The Irish Itinerary is an Irish cultural tour of Europe. This initiative of the European Federation of Associations and Centres of Irish Studies (EFACIS) started in 2013 with the first Irish Itinerary.Read more Discover Circuits
Irish Itinerary - Discover the circuits
Irish Itinerary - Galleries
“The title for my lecture is 'Significant Garments'. I will present a series of images created over the last 25 years of my visual art practice. A haute couture of garments that have multiple readings, ranging from police protective outer wear to Mairead Farrells Parka jacket worn in Armagh Women's prison.”
“… I had an incredibly inspiring time and everything was wonderfully well organised. France was wonderful I love this life travelling and lecturing.”
“What a wonderful experience in Braga, I am sorry to be leaving”
Mary McPartlan sang in Prague at the Marjánka dance hall on 20 November, accompanied by Aidan Brennan and Pádraic Keane to a dedicated and enthusiastic audience, aged 5 months to 60 years – even an impromptu jig was danced by some audience members during the final number. The concert was followed by a music session in a Scottish bar owned by the concert producer where our Irish guests were astonished to see that, as soon as they played the first few bars of the first tune, about 20 people whipped out their instruments and joined in. It turned out that some of the participants travelled over 200 km to be able to play with Mary, Aidan and Pádraic. The wave of energy was simply amazing, and needless to say, the session turned out to be long. In addition, Mary lectured to Charles University students on Irish women singers on 21 November.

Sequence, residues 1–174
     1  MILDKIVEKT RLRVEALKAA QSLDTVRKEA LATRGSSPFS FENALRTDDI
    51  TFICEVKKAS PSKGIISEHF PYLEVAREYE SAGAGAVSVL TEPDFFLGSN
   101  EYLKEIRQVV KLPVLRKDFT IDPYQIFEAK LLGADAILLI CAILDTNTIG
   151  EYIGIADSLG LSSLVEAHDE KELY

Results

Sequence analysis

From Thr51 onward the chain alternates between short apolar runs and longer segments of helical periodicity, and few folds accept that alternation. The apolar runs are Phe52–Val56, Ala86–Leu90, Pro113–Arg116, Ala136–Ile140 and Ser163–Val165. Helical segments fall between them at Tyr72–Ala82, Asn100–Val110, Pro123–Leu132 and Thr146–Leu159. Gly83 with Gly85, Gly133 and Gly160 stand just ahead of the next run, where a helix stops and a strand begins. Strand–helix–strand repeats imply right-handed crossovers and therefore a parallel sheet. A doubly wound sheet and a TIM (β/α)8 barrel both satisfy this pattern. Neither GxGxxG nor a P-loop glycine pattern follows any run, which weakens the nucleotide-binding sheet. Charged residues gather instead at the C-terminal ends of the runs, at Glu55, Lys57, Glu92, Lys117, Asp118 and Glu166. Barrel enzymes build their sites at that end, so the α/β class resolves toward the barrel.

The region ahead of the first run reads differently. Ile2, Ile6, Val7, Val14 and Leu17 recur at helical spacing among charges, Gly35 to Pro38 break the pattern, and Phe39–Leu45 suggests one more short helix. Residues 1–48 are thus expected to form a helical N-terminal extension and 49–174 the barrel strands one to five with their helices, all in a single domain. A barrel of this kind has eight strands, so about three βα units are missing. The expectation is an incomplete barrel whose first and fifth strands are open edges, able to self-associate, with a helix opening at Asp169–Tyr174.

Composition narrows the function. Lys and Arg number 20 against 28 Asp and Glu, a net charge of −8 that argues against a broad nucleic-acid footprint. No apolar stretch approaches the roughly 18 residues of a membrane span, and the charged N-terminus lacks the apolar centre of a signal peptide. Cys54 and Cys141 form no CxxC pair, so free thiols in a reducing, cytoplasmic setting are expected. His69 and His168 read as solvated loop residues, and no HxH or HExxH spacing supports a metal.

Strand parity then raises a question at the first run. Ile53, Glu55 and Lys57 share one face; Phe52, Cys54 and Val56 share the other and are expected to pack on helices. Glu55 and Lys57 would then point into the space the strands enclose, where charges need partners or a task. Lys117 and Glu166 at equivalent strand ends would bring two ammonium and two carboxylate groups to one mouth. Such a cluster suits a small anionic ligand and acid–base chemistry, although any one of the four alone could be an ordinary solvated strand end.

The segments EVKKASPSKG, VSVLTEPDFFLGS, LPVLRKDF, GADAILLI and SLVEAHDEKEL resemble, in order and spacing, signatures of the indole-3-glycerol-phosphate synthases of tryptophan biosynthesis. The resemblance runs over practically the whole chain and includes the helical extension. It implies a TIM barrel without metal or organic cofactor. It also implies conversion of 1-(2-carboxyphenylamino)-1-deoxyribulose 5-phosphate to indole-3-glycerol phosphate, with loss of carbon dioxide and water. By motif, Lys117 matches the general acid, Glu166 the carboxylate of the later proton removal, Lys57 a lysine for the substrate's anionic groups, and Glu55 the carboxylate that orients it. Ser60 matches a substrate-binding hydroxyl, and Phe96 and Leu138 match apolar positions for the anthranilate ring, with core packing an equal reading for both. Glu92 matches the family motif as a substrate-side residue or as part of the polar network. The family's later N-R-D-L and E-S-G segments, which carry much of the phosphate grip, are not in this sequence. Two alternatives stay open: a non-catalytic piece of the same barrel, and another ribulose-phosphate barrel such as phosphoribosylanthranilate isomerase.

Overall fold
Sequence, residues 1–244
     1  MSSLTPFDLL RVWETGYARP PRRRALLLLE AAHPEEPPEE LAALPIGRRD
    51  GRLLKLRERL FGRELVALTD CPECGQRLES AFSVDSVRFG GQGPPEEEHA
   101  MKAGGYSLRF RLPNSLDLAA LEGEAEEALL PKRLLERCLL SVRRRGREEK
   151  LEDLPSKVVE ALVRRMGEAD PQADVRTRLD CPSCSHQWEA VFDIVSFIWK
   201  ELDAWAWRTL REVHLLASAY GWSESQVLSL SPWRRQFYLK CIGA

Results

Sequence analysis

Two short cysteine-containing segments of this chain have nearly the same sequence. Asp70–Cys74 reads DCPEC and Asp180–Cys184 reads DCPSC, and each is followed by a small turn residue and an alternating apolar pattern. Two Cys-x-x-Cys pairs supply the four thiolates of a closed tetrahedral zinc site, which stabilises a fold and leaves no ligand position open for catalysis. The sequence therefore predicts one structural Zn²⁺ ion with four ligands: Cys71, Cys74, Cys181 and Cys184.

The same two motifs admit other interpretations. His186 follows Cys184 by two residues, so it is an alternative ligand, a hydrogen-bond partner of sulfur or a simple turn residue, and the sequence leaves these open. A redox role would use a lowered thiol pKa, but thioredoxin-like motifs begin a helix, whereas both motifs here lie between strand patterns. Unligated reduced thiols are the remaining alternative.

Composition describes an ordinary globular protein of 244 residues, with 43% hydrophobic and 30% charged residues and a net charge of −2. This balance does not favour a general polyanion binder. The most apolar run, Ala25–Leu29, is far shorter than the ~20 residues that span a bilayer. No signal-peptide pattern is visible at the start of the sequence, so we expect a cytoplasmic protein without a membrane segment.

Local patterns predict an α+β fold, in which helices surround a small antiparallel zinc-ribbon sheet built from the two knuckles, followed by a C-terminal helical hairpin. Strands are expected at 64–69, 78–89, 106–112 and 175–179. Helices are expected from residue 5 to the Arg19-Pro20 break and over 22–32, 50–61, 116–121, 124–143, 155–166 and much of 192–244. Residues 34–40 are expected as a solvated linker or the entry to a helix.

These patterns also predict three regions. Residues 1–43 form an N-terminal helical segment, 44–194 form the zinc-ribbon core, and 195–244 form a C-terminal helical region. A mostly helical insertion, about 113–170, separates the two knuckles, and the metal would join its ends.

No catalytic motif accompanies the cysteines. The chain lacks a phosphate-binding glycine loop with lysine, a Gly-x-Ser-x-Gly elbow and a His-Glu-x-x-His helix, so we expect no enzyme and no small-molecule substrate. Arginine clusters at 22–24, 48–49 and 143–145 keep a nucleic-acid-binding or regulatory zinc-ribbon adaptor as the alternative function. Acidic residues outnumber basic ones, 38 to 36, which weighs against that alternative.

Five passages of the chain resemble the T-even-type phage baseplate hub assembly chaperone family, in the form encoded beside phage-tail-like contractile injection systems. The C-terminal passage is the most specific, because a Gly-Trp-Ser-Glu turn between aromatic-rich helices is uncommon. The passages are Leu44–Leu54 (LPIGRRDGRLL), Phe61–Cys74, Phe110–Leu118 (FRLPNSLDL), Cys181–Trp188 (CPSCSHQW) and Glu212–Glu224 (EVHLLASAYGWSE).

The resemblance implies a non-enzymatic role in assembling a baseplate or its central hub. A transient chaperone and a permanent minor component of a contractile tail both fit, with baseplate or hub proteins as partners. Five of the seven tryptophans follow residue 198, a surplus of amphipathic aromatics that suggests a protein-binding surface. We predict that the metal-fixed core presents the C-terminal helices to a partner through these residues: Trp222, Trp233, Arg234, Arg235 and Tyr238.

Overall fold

"We had a really great mini-tour of Scandinavia and all our hosts, Charles, Britta and Irene were so supportive, interesting and generous. We managed to jot down a few notes as we travelled around. This was the first visit to Norway and Sweden for Songs of Joyce. The show was very well received in all three locations and was enjoyed by those new to Joyce aswell as students and academics who felt it brought a fresh insight into the works."
"We performed in the town’s public library in Falun which meant we attracted a great number of members of the public and local politians as well as academic staff and students from the University of Dalarna. "
“Lillis O Laoire came to sing at the University of Rennes 2 on Wednesday, March 18th, 2015.
The event was co-organized by Efacis and the Centre of Breton and Celtic Research of Rennes 2.
The venue was carefully chosen and very appropriate, in a room especially designed for singing, at the Music Department of Rennes 2.
The acoustics were therefore very good, Lillis appreciated this and he sang for nearly an hour and a half with short comments in English about each of the songs. The attendance was a nice mix of around sixty people, students and lecturers alike, mostly from the departments of Celtic (including some students of Irish), English (Irish studies stream) and Music. They were both very attentive during the performance and enthusiastic after it : Lillis's voice literally worked wonders. The performance was recorded and filmed, with Lillis's agreement, by a colleague from the Centre de Formation des Musiciens Intervenants of Rennes 2. The rest of the evening went on very smoothly, with five of us from Rennes 2 (including our Irish language tutor, who happened to be an ex student of his) having dinner with Lillis in a restaurant in town, after which he even gratified us with one last going-away song. A great evening indeed, magic !”
“Claire's reading went extremely well. We enjoyed it immensely and Claire was a wonderful guest and brilliant reader. We had advertised the event at university and we forwarded the info to the university's press office. We had also availed of the German-Irish Society Saarland's mailing list to spread the word. The Q&A-Session alone lasted for about 80 mins: the audience seemed to enjoy it greatly and especially our students asked many questions. We were all very much taken by Claire Kilroy who was such an interesting and thought-provoking speaker, and who spoke very openly and in a very personal way about The Devil I Know, the creative process and about the socio-historical context of the novel.”